26 May 2016

LOD Expressions: How to Use the 'Include' Expression on Tableau

Tim Day

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Level of Detail (LOD) expressions can be difficult to understand for people that use Tableau. There are three types of LODs: Fixed, Include, and Exclude. In this blog, I will focus on the Include expression.

What is LOD

LOD is simply the level of aggregation shown in the view. If you have Profit vs. Sales split by Year and Region, the Year and Region is your Level of Detail. If you want to know more about LOD's, read our blog: A Quick Guide to Tableau Level of Detail Expressions.

When to use each LOD

LOD's are used to show something at a different Level of Detail to the current view. This can be either a lower or higher level of aggregation.

For Fixed expression, you specify what level of aggregation occurs; for Exclude you remove part of the LOD to get a higher level of view (more aggregated) and for Include you add an extra part to the LOD to get a lower level of view (less aggregated). 

The image below shows which Level of Detail expression is required to get to a certain granularity on the page. This does not include Fixed, as it is not affected in any way by any drill down/up functionality on the page.

Tableau Level of Detail Expression

figure 1: showing how the LOD expressions affect granularity

how to use the include expression

The Include LOD calculates the aggregation at the level of detail specified by the dimensions in the view and the dimensions included in the calculated field. This will potentially result in the calculation of the aggregation at a lower level of detail than the view. This is the bottom half of Figure 1.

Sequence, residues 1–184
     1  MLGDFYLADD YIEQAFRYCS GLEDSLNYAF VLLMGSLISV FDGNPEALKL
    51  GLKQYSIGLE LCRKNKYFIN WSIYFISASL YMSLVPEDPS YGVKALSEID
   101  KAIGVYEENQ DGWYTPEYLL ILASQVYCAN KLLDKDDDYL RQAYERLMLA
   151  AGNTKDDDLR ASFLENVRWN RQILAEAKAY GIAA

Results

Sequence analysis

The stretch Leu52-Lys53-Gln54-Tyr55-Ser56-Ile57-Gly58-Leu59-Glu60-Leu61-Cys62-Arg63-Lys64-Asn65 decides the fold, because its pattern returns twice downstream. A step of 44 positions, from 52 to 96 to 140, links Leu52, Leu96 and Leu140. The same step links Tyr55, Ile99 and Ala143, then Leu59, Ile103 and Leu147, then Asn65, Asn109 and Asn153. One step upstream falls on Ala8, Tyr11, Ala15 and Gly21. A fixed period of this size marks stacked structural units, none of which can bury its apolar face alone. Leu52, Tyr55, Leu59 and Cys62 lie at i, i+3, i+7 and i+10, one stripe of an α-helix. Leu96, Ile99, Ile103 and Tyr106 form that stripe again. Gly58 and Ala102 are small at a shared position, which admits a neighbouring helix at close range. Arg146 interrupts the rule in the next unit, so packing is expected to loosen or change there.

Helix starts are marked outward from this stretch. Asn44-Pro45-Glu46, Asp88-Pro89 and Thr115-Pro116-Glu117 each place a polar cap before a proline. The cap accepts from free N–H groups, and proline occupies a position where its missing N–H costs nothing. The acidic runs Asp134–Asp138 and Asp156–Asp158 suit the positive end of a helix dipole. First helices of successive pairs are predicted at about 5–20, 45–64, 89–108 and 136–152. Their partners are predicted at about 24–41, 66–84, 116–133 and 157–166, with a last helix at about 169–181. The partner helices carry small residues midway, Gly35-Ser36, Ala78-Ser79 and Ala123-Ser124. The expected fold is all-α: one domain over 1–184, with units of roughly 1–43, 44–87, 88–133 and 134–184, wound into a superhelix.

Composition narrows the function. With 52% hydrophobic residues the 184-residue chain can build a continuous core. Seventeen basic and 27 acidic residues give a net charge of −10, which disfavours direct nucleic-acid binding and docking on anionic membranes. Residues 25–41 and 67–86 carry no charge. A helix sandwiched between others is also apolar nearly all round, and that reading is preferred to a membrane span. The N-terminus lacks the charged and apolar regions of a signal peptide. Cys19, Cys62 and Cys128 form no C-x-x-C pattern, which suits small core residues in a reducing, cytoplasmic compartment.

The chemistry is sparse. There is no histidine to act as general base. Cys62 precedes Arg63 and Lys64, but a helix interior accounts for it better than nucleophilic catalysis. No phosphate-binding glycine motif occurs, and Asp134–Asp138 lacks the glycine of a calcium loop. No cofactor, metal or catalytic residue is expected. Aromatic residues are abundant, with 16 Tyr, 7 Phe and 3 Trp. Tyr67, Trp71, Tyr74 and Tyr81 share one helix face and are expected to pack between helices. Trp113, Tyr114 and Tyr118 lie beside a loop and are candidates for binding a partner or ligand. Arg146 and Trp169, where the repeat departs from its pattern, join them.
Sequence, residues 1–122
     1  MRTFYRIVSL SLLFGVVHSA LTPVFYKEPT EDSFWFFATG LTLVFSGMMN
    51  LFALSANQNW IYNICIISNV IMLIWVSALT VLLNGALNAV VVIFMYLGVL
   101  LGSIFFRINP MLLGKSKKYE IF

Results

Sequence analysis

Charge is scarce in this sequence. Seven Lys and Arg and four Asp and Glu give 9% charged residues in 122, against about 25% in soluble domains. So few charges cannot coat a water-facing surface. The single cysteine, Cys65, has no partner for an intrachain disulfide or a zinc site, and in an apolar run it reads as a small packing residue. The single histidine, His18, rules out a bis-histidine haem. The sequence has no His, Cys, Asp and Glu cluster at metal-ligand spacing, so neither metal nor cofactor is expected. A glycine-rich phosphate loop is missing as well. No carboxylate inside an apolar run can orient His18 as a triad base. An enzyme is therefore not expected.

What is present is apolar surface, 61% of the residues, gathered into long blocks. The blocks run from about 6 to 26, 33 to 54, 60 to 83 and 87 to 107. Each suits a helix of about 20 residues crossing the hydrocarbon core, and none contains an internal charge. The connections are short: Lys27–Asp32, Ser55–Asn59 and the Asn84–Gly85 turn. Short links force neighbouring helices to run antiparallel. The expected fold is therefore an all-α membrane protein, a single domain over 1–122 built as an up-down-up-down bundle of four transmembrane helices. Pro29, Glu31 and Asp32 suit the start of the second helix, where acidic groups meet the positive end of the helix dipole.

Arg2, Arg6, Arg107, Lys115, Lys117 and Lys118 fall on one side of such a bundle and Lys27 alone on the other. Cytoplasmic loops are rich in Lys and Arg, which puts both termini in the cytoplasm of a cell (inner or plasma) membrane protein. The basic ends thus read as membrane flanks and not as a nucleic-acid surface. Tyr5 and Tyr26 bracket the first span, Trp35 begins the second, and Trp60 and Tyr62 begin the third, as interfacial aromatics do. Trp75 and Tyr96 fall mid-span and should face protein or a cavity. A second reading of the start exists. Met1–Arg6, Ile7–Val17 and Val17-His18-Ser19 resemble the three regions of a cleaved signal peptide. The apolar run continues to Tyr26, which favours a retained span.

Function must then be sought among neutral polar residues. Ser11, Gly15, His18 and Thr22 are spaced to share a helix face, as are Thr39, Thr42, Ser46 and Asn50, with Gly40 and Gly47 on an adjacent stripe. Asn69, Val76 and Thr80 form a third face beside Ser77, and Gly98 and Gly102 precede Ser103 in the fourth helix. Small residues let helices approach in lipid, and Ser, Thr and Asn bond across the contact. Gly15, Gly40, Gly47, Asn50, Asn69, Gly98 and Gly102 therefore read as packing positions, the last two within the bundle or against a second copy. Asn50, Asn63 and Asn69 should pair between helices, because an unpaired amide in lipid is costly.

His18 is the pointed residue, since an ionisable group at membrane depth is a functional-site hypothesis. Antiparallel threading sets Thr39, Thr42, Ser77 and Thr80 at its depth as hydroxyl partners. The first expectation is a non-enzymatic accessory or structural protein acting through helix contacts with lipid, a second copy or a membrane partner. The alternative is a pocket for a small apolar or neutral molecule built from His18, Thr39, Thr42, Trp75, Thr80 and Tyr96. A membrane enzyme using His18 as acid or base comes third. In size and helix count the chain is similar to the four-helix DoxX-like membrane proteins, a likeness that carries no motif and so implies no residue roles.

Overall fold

Now that you know the basics of LOD expressions, we can move on to learning exactly how to add an Include LOD expression into Tableau.

We will start by connecting our Tableau workbook to the EU Superstore data (You will be able to follow along with any of the superstore data). We will then make a simple table of the Sales split by Region, Category, and Sub-Category. This should look similar to my table below - don't worry if the values are different. We can now create the calculated field for the lowest Sales for each order.

Tableau Level of Detail Expression

figure 2: showing the start of our view

Next step is to write { INCLUDE [Order ID] [Order Date] : MIN ([Sales]) }. This means we are finding the lowest Sale for each unique Order ID and Order Date. If we add this to the chart and change the default SUM() to MIN() then we will find the single smallest order for each Region, Category, and Sub-Category. A minor bit of formatting gets us the chart shown below.

Tableau Level of Detail Expression

figure 3: The completed view with lod expression

While this is a very simple version of a LOD expression (and there are far easier ways to get the same answer), it does show exactly how you could build it up for a more complex situation. The most important thing to remember about LOD's is not to panic when it comes up, just figure out at what level you would like the aggregation to occur at and then decide if it should be fixed or variable to the LOD on display.

Often people struggle with identifying where a LOD needs to be used. This is when a question is asked of a question. A more complex example that can be very quickly solved with LOD expressions would be "Which Country has the highest average performing Sales Person where the performance of the Sales Person is based on their largest closed Sale?".

This sounds complicated, but only one LOD expression is needed to solve it. You should be able to see that the LOD of aggregation is the Sales Person, and we want to find their maximum sales. This then needs to be averaged at the Country level to complete our expression. Putting this together gives Avg{ Include [Sales Rep] : Max ( [Sales]). This calculation can now be used anywhere in the workbook and by adding another field such as Year we can find even more data with minimum extra work.

Tim Day

About the author

Tim Day is a Graduate BI Developer at Concentra. After graduating from Warwick with a bachelor's degree in Mechanical Engineering, he wanted to continue working where he would have the freedom to create something visually appealing. Having started at Concentra as an intern, he loves the data visualisation part of the job and has also grown to love the data warehousing side. He especially likes providing insights into sports events, as this data is often not shown in a captivating way.

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